Document Detail

Ghrelin effects on neuropeptides in the rat hypothalamus depend on fatty acid metabolism actions on BSX but not on gender.
MedLine Citation:
PMID:  20335227     Owner:  NLM     Status:  MEDLINE    
The orexigenic effect of ghrelin is mediated by neuropeptide Y (NPY) and agouti-related protein (AgRP) in the hypothalamic arcuate nucleus (ARC). Recent evidence also indicates that ghrelin promotes feeding through a mechanism involving activation of hypothalamic AMP-activated protein kinase (AMPK) and inactivation of acetyl-CoA carboxylase and fatty acid synthase (FAS). This results in decreased hypothalamic levels of malonyl-CoA, increased carnitine palmitoyltransferase 1 (CPT1) activity, and mitochondrial production of reactive oxygen species. We evaluated whether these molecular events are part of a unique signaling cascade or whether they represent alternative pathways mediating the orexigenic effect of ghrelin. Moreover, we examined the gender dependency of these mechanisms, because recent evidence has proposed that ghrelin orexigenic effect is reduced in female rats. We studied in both genders the effect of ghrelin on the expression of AgRP and NPY, as well as their transcription factors: cAMP response-element binding protein (CREB and its phosphorylated form, pCREB), forkhead box O1 (FoxO1 and its phosphorylated form, pFoxO1), and brain-specific homeobox transcription factor (BSX). In addition, to establish a mechanistic link between ghrelin, fatty acid metabolism, and neuropeptides, we evaluated the effect of ghrelin after blockage of hypothalamic fatty acid beta oxidation, by using the CPT1 inhibitor etomoxir. Ghrelin-induced changes in the AMPK-CPT1 pathway are associated with increased levels of AgRP and NPY mRNA expression through modulation of BSX, pCREB, and FoxO1, as well as decreased expression of endoplasmic reticulum (ER) stress markers in a gender-independent manner. In addition, blockage of hypothalamic fatty acid beta oxidation prevents the ghrelin-promoting action on AgRP and NPY mRNA expression, also in a gender-independent manner. Notably, this effect is associated with decreased BSX expression and reduced food intake. Overall, our data suggest that BSX integrates changes in neuronal metabolic status with ARC-derived neuropeptides in a gender-independent manner.
Ricardo Lage; María J Vázquez; Luis Varela; Asish K Saha; Antonio Vidal-Puig; Rubén Nogueiras; Carlos Diéguez; Miguel López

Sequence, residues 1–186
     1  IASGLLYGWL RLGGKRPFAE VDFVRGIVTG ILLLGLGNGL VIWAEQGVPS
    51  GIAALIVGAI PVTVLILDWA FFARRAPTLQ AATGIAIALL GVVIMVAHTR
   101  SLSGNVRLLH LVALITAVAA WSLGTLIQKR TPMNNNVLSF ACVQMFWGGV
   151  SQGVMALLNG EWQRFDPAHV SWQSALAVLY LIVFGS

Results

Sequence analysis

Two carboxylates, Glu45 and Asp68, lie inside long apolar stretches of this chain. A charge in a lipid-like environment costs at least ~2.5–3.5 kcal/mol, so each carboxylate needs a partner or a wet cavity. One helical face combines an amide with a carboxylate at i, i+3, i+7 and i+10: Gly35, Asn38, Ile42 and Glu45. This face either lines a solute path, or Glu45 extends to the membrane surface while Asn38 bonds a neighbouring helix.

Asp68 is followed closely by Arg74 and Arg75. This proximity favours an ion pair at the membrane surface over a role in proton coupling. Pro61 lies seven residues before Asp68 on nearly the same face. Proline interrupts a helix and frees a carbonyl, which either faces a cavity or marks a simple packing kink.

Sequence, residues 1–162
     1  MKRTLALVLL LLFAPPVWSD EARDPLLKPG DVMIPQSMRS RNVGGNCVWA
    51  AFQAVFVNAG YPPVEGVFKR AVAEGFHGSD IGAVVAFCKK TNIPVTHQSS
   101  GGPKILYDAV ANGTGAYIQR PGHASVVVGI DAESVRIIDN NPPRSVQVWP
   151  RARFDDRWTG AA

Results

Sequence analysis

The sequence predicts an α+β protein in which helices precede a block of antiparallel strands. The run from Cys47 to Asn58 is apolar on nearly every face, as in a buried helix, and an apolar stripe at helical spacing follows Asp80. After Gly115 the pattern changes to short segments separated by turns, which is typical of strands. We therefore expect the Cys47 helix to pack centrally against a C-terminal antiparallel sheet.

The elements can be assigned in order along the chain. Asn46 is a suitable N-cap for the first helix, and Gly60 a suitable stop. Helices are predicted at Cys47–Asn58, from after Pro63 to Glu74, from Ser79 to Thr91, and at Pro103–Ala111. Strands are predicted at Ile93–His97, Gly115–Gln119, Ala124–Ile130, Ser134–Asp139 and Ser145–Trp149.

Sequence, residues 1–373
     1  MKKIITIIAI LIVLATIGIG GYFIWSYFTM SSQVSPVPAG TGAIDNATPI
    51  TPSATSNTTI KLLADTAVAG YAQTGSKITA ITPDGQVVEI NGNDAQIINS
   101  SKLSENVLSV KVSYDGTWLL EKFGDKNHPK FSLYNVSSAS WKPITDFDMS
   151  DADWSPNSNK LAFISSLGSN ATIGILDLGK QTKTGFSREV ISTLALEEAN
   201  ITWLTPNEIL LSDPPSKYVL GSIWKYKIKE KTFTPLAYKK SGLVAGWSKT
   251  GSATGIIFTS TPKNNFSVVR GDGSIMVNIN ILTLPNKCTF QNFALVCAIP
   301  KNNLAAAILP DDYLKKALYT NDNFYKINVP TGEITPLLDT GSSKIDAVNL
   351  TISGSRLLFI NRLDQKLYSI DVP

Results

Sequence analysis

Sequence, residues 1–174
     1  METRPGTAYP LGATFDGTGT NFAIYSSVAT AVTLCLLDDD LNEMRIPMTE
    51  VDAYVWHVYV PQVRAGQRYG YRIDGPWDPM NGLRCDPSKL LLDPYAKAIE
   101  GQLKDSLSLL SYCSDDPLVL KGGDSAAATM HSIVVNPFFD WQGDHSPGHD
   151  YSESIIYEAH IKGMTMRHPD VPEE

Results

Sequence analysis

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Publication Detail:
Type:  Journal Article; Research Support, N.I.H., Extramural; Research Support, Non-U.S. Gov't     Date:  2010-03-24
Journal Detail:
Title:  FASEB journal : official publication of the Federation of American Societies for Experimental Biology     Volume:  24     ISSN:  1530-6860     ISO Abbreviation:  FASEB J.     Publication Date:  2010 Aug 
Date Detail:
Created Date:  2010-08-03     Completed Date:  2010-09-07     Revised Date:  2014-02-19    
Medline Journal Info:
Nlm Unique ID:  8804484     Medline TA:  FASEB J     Country:  United States    
Other Details:
Languages:  eng     Pagination:  2670-9     Citation Subset:  IM    
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MeSH Terms
Agouti-Related Protein / drug effects,  genetics
Fatty Acids / metabolism*
Gene Expression Regulation
Ghrelin / pharmacology*
Homeodomain Proteins / genetics*
Hypothalamus / metabolism*
Nerve Tissue Proteins / metabolism*
Neuropeptide Y / drug effects,  genetics
Neuropeptides / drug effects*,  genetics
Sex Factors
Transcription Factors / genetics,  metabolism*
Grant Support
DK-67509/DK/NIDDK NIH HHS; G0600717//Medical Research Council; G0802051//Medical Research Council; K-19514//PHS HHS; //Medical Research Council; //Wellcome Trust
Reg. No./Substance:
0/Agouti-Related Protein; 0/BSX protein, rat; 0/Fatty Acids; 0/Ghrelin; 0/Homeodomain Proteins; 0/Nerve Tissue Proteins; 0/Neuropeptide Y; 0/Neuropeptides; 0/Transcription Factors

From MEDLINE®/PubMed®, a database of the U.S. National Library of Medicine

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